May 27, 2019

May D.C. Update

Washington Roundup – May 2019

By: Lowell Randal

House Subcommittee Approves FY 2020 Agriculture Appropriations Bill

On Thursday, May 23rd, the House Agriculture Appropriations Subcommittee met to consider agriculture appropriations for fiscal year 2020.  The bill was approved by voice vote and will move to full committee after the Memorial Day break.  A copy of the bill text can be found by clicking here.  The bill language provides overall spending amounts for agencies but does not get into specific program levels for agencies such as the National Institute for Food and Agriculture (NIFA).  There are limited details available until the committee report is released.

The bill provides $24.310 billion in discretionary spending, which is $1 billion above the fiscal year 2019 enacted level. When considering both discretionary and mandatory spending, the bill totals $155.3 billion, which is $3.2 billion over FY 2019.

According to the committee, the overall funding for agricultural research in the bill is $3.257 billion, which is $387 million above the President’s budget request.  This includes funding for both NIFA and the Agricultural Research Service (ARS).  ARS would receive $1.344 billion for Salaries and Expenses, including $13.1 million to support the transition to the National Bio and Agro-Defense Facility (NBAF).  The bill provides $50 million for ARS Buildings and Facilities.  NIFA would receive $1.018 billion for Research and Education Activities, $536 million for Extension Activities and $40 million for Integrated Activities.

The legislation also includes several policy riders related to agricultural research.  The bill includes language blocking USDA’s proposal to relocate the Economic Research Service (ERS) and the National Institute for Food and Agriculture (NIFA) outside the National Capital Region.  The bill also blocks USDA’s proposal to put ERS, currently under USDA’s research mission area, under the Office of the Chief Economist, which is under the Office of the Secretary.  The committee also added language requiring USDA to restore on its website in full all animal welfare and horse protection inspection reports that were taken down weeks after the Trump administration took office.

The next step in the process is consideration by the full House Appropriations Committee.  The Senate Agriculture Appropriations Subcommittee has yet to schedule a mark-up for its version of the bill.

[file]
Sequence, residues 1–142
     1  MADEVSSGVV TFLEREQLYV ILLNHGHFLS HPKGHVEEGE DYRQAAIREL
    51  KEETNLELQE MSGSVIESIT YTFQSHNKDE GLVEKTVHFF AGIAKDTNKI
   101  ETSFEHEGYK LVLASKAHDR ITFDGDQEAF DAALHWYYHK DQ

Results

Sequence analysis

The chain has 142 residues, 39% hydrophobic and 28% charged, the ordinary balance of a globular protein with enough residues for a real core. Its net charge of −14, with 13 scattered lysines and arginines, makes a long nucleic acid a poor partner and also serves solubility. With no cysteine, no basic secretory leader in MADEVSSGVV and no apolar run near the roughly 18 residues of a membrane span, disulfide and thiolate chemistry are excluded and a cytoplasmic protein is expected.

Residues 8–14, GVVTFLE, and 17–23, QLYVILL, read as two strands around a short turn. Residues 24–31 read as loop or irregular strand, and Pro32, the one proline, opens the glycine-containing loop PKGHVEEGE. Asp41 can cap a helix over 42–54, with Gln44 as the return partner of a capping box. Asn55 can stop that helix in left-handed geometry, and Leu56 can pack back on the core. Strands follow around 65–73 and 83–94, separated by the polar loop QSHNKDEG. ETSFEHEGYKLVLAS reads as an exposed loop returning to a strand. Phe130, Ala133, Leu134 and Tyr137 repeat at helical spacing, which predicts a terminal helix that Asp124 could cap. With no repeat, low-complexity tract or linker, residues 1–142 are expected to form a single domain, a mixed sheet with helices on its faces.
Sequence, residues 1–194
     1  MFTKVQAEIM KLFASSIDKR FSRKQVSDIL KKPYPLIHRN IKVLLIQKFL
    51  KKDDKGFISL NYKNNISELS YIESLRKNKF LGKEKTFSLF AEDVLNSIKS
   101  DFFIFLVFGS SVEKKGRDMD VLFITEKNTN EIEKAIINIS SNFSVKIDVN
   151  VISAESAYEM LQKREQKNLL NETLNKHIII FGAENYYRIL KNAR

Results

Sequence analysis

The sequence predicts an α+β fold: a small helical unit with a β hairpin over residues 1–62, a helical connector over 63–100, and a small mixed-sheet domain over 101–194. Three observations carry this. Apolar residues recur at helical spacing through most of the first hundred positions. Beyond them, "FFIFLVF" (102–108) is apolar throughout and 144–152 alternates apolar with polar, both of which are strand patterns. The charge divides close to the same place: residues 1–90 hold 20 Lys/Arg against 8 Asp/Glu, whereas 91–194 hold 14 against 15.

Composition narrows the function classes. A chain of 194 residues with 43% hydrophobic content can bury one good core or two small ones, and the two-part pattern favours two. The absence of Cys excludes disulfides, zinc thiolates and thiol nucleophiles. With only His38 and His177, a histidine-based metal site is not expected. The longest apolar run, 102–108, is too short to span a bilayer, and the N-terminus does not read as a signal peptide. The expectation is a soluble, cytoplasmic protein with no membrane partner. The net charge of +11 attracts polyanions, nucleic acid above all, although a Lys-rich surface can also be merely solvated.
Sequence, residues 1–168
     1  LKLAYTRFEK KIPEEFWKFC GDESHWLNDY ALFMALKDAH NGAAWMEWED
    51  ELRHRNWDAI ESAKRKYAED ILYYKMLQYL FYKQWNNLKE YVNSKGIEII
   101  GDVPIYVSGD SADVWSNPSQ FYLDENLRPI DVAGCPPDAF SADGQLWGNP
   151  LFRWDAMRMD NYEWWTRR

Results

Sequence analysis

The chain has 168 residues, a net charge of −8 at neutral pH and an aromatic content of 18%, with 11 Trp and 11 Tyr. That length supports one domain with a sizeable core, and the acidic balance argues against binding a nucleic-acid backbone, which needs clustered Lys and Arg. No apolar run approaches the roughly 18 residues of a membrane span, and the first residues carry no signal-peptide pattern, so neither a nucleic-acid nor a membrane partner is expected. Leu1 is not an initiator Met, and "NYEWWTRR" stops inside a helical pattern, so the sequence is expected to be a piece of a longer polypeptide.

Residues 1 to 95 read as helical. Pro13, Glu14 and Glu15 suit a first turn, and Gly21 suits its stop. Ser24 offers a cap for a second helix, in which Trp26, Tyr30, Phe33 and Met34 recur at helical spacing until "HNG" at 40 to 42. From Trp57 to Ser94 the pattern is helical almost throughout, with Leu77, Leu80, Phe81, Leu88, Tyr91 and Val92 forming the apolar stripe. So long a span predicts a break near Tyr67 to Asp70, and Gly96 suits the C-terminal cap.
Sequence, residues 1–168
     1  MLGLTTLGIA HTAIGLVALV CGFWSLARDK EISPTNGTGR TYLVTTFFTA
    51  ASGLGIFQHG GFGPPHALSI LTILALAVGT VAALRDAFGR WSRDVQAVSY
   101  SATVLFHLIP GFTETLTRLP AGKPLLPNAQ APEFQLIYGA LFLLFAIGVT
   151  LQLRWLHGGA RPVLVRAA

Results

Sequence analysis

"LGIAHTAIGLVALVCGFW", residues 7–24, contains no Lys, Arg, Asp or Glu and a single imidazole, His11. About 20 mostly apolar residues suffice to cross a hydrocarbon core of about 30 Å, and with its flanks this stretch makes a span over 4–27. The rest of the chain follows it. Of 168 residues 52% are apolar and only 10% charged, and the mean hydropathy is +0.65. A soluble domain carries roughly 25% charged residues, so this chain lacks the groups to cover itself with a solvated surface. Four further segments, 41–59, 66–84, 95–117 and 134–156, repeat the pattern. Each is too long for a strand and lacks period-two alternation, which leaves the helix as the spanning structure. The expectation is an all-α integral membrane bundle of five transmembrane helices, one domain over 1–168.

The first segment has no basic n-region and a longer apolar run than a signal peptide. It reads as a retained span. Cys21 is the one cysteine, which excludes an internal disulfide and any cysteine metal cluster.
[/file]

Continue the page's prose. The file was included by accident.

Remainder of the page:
House Holds Hearing on Animal Pest and Disease Response Capabilities

On May 21st, the House Committee on Agriculture’s Subcommittee on Livestock and Foreign Agriculture held a hearing to review the nation’s animal pest and disease response capabilities.  USDA’s Marketing and Regulatory Programs Under Secretary Greg Ibach was the lone witness at the hearing.  Much attention was placed on the new programs and funding included in the 2018 Farm Bill to address animal disease preparedness.  Under Secretary Ibach commended Congress for creating the new National Animal Vaccine Bank and the National Animal Disease Preparedness and Response Program (NADPRP) and for providing enhancements to the National Animal Health Laboratory Network (NAHLN).  Support for these programs was a high priority for the animal science and animal agriculture community.

Ibach stated that through the NADPRP program, states, universities, industry and other groups will suggest targeted projects and research that would advance our animal health mission.  APHIS would then evaluate the suggestions and fund the most promising of those projects, relying on USDA’s partners to carry them out.  This is consistent with the model envisioned and supported by the animal science community and animal agriculture industry during the Farm Bill process.  Ibach stated that he wants these new programs up and running quickly and that the implementation process is underway. 

IMG_8882ASAS Holds Snack and Fact on “What is Meat?”

On May 6th, ASAS sponsored a Snack and Fact briefing to address questions surrounding “What is Meat?”  Meat has served as a food source for humans for thousands of years. However, the recent development of non-traditional products prompts the question: What qualifies as "meat?" The briefing provided an overview and discussion of current understanding regarding meat products, and the value of meat and other animal source foods in the human diet.

IMG_8888Speakers at the briefing were: Dr. Dale R Woerner of Texas Tech University, Dr. Russell Cross of Texas A&M University and Dr. Penny Riggs of Texas A&M University.  Over 40 staff from the House and Senate attended the briefing, as well as representatives from the animal agriculture industry.  There was a robust discussion about emerging technologies, the definition of meat, and the value of animal protein in the diet.  The group also met with officials at the USDA Food Safety Inspection Service, FDA’s Center for Food Safety and Applied Nutrition (CFSAN) and the meat industry to discuss science and policy related to cell-based technologies.